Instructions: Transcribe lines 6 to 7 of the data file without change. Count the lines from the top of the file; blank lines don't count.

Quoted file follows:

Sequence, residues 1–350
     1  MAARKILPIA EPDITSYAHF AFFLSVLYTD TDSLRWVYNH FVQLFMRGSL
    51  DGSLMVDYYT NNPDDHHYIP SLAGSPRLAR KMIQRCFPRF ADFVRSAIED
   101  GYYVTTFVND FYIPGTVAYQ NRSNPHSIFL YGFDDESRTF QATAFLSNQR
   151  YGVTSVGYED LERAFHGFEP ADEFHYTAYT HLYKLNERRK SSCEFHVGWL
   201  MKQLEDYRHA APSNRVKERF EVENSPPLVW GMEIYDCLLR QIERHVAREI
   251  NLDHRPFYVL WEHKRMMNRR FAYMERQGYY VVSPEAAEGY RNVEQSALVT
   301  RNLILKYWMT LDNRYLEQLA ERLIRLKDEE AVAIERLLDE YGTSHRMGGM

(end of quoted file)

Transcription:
   201  MKQLEDYRHA APSNRVKERF EVENSPPLVW GMEIYDCLLR QIERHVAREI
   251  NLDHRPFYVL WEHKRMMNRR FAYMERQGYY VVSPEAAEGY RNVEQSALVT